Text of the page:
So what was the Vasari Corridor and how did it differ from the older parts of the Ponte Vecchio? A spacious corridor, nearly 1k in length, was built in 1565 by Giorgio Vasari. Vasari was just the man for the commission – he was an architect, to be sure, but also a painter and an art historian. And his finest building was Florence’s Uffizi which he had built as recently as 1560.
Ponte Vecchio, inc Vasari Corridor (top storey), seen from the Arno
*It linked up the Pitti Palace, where the Duke Cosimo I de Medici of Florence (1519–74) resided, with the Uffizi/offices where he worked. The timing was excellent since Duke Cosimo’s son Francesco de' Medici (1541–87) married Joanna of Austria, youngest daughter of Ferdinand I Holy Roman Emperor, in a glittering ceremony in Dec 1565. But there is also the clear suggestion that this art loving duke was also an authoritarian ruler who secured his power through brute force. Secrecy and secure movement served Duke Cosimo I well.
The Vasari Corridor (and Uffizi) agreed with the idea of a nervous Cosimo, but they added another suggestion. The idea was to get the thirteen Guilds and Magistrates who administered the city under one roof, and in close proximity to Cosimo so he could control them better. As a collateral benefit the Medicis were to get the top floor for their art, theatre etc without extra costs.
As you can see in the map below, the Corridor goes on top of the shops on the Ponte Vecchio, the bridge over the River Arno that linked the Uffizi on the north bank with the Pitti Palace on the south bank. On the south side, the corridor actually passes through the interior of the church of Santa Felicita, over the top of the Guicciardini family’s houses and gardens, and ends at the Boboli gardens and Pitti Palace.
Self-portraits section of the Vasari Corridor
Even if you have seen every gallery and cathedral across Europe, and even if you have shopped till you dropped on the Ponte Vecchio, the probability is that you will never have visited this art space. Organised tours begin in the Uffizi itself. Small group are taken from room to room, then the guide opens a modest door into the Vasari Corridor.
The corridor itself is unadorned. But the collection of art is impressive and the views through the windows are even better. A Florentine in Florence has wonderful photos of the views from the small oval windows. Apparently the windows were built into the corridor so that Duke Cosimo I de Medici could walk across his parts of the town safely AND see what was going on from the vantage point well above Ponte Vecchio. These days, if the visitor looks out, he will see nothing more subversive than hordes of tourists and shopkeepers, haggling with each other.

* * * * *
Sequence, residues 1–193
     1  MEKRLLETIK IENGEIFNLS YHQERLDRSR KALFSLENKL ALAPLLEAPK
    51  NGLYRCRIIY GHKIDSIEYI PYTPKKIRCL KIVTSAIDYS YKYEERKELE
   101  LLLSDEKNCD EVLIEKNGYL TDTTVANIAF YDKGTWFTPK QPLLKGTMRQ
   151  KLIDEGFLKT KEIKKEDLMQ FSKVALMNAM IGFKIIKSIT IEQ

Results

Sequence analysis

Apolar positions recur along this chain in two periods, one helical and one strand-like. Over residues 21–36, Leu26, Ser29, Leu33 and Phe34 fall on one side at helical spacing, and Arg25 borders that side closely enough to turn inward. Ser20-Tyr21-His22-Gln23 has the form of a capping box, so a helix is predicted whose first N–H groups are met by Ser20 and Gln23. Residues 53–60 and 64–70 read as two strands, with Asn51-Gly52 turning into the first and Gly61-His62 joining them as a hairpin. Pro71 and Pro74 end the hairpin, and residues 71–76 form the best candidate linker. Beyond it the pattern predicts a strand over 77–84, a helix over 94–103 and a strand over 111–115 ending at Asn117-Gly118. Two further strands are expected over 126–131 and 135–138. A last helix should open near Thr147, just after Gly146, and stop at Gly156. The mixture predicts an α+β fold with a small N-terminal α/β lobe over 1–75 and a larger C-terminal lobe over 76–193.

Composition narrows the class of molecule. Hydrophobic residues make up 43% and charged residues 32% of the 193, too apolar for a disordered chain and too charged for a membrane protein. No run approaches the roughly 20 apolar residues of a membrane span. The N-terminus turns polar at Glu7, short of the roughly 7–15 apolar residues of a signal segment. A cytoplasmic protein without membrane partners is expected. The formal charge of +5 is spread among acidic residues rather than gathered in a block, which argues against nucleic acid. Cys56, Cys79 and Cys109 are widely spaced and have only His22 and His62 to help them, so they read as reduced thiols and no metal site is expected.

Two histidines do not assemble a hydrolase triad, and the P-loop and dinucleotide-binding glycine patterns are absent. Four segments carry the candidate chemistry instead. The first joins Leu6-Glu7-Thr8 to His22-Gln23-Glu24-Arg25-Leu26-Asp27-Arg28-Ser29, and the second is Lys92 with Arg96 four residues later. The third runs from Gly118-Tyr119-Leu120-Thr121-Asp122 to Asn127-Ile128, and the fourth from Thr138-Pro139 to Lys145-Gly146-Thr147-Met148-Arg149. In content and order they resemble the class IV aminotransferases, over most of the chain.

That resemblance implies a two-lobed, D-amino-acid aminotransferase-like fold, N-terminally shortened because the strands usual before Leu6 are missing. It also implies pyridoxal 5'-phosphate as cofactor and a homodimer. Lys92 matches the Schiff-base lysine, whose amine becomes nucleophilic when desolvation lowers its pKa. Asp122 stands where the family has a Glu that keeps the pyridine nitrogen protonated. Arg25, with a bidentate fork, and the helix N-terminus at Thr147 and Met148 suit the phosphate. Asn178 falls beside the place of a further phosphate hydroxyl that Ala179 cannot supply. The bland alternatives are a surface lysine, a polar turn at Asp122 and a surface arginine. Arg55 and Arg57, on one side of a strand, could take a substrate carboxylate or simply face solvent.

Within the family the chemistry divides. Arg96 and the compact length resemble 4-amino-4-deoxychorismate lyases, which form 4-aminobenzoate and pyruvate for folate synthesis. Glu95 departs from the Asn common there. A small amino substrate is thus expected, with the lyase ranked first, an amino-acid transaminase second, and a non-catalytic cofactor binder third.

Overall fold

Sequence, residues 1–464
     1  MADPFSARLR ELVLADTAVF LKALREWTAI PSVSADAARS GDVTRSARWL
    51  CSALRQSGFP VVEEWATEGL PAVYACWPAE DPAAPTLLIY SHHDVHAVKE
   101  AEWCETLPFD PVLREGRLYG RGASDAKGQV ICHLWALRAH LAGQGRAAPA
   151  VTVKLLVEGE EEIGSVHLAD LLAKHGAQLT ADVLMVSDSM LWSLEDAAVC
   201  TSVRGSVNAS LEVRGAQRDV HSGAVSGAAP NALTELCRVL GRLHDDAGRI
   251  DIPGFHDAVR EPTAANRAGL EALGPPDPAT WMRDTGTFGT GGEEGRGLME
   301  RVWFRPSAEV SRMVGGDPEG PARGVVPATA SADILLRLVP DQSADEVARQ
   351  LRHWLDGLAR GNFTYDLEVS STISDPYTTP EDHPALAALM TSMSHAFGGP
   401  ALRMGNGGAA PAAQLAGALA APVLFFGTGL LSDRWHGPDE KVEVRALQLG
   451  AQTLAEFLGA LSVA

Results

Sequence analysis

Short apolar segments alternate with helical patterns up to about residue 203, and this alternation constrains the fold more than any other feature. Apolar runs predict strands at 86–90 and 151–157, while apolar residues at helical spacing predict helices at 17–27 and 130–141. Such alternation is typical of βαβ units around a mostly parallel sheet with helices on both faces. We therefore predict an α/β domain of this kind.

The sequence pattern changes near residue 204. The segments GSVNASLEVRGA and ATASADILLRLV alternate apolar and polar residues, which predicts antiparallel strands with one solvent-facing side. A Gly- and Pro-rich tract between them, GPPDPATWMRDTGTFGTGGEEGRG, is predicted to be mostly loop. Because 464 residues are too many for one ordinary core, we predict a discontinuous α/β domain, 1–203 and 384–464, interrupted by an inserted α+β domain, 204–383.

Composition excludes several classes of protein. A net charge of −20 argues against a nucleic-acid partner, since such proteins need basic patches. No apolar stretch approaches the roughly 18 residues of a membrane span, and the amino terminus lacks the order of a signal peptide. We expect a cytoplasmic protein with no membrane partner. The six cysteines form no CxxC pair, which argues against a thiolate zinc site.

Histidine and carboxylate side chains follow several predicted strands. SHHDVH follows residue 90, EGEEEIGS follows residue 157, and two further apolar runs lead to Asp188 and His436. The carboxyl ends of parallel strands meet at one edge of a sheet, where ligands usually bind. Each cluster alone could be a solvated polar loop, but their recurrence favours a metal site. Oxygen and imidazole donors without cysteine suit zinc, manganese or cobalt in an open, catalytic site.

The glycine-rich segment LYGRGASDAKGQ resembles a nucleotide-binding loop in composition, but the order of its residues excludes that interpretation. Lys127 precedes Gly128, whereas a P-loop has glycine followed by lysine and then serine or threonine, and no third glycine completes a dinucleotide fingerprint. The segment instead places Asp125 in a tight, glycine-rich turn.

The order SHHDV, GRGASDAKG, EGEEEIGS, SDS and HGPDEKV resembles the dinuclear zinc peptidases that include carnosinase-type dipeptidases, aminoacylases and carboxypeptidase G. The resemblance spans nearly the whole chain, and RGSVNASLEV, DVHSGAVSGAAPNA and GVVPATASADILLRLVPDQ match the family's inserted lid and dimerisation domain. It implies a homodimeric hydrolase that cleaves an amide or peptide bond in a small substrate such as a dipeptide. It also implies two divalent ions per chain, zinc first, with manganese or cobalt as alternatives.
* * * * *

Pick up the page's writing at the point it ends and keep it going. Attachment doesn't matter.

Vasari's own self-portrait c1567
The art contents of the Vasari Corridor are not a mere continuation of works hanging in the Uffizi's galleries. Rather there are two very interesting collections in the Corridor that deserve separate attention. The smaller collection is of charming miniature paintings, amassed from over the centuries of art history.
The larger collection is of artists’ self portraits. This gallery includes 2000 works from all important artists, including many of the masters whose works appear on the walls of the Uffizi eg Titian, Giorgio Vasari, Antonio Canova, Bernini, Jacques-Louise David and Chagall.
Museums of Florence say that this unique group of self portraits was created by Cardinal Leopoldo de' Medici in the mid 17th century, although it is still receiving regular additions to the collection. Three Pipe Problem connects to a fine BBC video where Andrew Graham-Dixon examines the development of these art objects over the generations. A corridor is therefore a fitting shape, since the very best way to discuss a linear progression would be via a long, straight line. My favourite self portraits weren't even painted when Cardinal Leopoldo de' Medici assembled the first works: Rosalba Carriera 1709, Elisabeth-Louise Vigee-Lebrun 1790 and John Singer Sargent 1907.
expanding map, Uffizi-Ponte Vecchio-Pitti Palace
I have walked all over Florence many times, and had never heard of the Vasari Corridor until my son went to a wedding there. In any case the corridor was only restored and reopened to the public in 1973, and even now it can only be visited in groups who plan well in advance.
As the corridor will be closed for 3 years from late October 2011 for a major restoration work, I recommend that would-be viewers book quickly. For those who cannot get to Florence, I recommend the book by Ann J. Reavis called Walking in the Footsteps of the Duke: The Vasari Corridor in Florence, 2003.